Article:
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State of Maine Sees Growth in Contact Center Business

November 04, 2013

When we think of places where call centers are booming, most of us would think of India, the Philippines, Malaysia or other far-flung locations. Nearer shore, Central America and the Caribbean are popular call center outsourcing spots as well. We don’t often think of Maine.


But Maine is becoming something of a hot bed of call centers, according to a recent article in the Bangor Daily News. Growth in the sector in Maine appears to be soaring. The state added nearly 2,000 jobs over the past five years, a review of employment data from the Maine and U.S. Departments of Labor show.

Once thought of as a low-wages affair only for desperate people, improving salaries in the call center industry are attracting more people who approach the contact center as a career. (This is good news for the call center industry: people who value their jobs as a career stay longer and simply make better agents.)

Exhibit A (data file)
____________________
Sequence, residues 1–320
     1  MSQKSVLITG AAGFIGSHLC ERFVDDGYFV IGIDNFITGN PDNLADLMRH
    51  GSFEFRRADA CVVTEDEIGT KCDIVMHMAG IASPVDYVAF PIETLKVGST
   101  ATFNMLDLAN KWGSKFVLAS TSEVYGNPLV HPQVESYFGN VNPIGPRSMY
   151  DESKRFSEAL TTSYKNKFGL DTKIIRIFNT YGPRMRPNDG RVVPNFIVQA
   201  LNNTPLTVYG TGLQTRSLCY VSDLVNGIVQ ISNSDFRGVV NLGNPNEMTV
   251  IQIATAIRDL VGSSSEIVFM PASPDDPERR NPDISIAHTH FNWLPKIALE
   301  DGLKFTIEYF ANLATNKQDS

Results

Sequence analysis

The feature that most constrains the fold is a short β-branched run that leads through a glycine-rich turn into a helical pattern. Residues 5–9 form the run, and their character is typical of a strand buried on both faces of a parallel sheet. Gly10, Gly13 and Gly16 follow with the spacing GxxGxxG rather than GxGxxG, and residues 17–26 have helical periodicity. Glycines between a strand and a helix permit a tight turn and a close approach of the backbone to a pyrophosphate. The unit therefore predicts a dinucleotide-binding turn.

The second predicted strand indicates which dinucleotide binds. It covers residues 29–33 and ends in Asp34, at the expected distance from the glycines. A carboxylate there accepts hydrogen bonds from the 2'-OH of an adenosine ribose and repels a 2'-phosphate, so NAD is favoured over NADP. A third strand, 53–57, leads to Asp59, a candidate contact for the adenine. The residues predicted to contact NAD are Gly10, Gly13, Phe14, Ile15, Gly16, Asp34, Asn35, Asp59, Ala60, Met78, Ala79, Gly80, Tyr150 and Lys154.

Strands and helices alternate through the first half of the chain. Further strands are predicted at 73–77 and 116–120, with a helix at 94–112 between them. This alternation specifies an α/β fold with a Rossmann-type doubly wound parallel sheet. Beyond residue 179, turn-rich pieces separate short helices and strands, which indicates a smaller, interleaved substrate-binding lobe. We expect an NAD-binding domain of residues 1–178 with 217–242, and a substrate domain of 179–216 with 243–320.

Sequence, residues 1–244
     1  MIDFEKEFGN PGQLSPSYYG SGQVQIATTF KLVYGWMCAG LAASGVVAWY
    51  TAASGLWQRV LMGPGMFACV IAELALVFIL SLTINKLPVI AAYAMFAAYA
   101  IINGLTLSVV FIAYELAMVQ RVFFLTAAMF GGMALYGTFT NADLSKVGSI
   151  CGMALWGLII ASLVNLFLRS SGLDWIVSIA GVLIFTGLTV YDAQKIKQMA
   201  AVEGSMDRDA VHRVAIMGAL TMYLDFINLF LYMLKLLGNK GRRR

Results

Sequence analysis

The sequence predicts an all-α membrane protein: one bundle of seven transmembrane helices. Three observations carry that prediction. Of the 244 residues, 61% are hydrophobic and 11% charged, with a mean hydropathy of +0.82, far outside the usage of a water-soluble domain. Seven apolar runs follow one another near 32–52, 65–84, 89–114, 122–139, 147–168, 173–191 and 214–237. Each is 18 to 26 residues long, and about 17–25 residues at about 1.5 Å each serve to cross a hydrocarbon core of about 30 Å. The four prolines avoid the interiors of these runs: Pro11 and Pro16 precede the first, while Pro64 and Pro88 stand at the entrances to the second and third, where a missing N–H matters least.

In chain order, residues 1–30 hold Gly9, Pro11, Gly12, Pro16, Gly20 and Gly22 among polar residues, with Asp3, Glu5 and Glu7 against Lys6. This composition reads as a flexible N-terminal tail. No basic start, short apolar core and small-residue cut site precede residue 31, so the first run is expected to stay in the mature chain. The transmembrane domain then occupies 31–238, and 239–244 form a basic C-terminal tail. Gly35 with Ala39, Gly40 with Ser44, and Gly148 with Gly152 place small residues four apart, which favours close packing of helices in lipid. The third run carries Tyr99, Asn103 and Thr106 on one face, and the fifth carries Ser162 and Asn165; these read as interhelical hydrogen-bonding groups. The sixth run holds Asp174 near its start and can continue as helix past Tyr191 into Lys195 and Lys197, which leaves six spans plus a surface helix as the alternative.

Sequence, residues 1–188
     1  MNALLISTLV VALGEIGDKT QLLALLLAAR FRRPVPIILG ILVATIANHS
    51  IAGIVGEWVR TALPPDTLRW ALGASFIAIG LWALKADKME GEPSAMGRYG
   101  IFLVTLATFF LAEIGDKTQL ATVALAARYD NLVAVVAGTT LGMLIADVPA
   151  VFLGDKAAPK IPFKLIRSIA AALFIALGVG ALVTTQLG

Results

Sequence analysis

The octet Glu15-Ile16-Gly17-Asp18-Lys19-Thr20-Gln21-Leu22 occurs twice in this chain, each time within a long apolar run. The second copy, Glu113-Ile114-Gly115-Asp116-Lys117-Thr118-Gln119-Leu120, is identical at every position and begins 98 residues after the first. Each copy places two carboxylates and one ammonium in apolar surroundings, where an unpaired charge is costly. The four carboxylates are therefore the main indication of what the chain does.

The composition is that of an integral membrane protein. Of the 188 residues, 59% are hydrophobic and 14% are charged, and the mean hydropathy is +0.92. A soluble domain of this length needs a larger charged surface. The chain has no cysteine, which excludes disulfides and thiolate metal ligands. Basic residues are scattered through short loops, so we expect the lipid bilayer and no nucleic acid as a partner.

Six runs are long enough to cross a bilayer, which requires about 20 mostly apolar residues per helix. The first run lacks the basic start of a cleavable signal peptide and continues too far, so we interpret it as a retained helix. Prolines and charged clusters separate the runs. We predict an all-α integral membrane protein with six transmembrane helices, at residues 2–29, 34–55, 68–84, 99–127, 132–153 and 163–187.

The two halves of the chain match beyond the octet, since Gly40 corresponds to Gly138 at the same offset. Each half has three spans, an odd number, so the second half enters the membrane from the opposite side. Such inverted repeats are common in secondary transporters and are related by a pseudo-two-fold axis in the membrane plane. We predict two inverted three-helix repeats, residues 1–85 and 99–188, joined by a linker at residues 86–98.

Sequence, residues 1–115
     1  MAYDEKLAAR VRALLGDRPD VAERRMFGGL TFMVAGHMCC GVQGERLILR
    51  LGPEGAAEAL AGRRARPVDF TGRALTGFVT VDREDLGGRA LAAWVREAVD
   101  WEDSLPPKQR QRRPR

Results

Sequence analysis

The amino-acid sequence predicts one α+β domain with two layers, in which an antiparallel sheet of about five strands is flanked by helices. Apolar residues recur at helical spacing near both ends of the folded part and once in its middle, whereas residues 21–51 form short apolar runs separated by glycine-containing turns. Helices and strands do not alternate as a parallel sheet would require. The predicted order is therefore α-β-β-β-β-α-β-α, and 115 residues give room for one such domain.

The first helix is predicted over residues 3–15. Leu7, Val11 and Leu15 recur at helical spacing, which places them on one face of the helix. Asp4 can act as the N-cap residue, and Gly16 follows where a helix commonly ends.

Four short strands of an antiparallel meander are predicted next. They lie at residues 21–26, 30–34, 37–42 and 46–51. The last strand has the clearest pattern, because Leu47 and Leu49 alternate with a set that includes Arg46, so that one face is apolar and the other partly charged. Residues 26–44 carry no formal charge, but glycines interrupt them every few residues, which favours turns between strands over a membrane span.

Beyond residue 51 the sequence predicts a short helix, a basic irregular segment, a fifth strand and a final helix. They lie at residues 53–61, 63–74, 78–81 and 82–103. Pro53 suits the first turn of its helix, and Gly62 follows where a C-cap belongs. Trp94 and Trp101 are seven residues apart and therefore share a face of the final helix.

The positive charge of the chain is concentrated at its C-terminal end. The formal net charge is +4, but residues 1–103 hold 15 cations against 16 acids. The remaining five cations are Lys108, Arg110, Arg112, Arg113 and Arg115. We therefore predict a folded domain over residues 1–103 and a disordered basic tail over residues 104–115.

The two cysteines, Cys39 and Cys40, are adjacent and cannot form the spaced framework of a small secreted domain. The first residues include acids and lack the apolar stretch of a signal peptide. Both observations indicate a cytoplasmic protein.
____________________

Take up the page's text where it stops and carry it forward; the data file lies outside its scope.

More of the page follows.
National labor data shows the average annual pay for call center workers is $30,930 — slightly more than the average of $29,410 for those working in the gambling industry. The call center industry in Maine paid $152 million in wages in 2012, up from $69 million in 2007, reports the Bangor Daily News. Full-time contact center jobs often come with highly sought after benefit packages, as well. And for individuals looking for part time work or flexible hours, the nature of contact center work can usually provide it. It can also provide work-at-home opportunities.

The most notable new contact center in the state will be the new contact center being built by Argo Marketing Group in Lewiston. The $2.4 million facility, which will employ 250 agents, will be located in a renovated building that was formerly an eyesore. It will feature a rooftop patio, an employee-only brew pub and a work space dominated by a 6,000-gallon saltwater aquarium. The facility is expected to open late this year.

While some officials in Maine have scoffed at call center jobs, calling them low-paying and not the kind of jobs the people of Maine need, Argo CEO Jason Levesque told the Bangor Daily News that these attitudes aren’t helpful, and don’t apply to his company, which is working to create new and better jobs in the call center sector.




Edited by Alisen Downey

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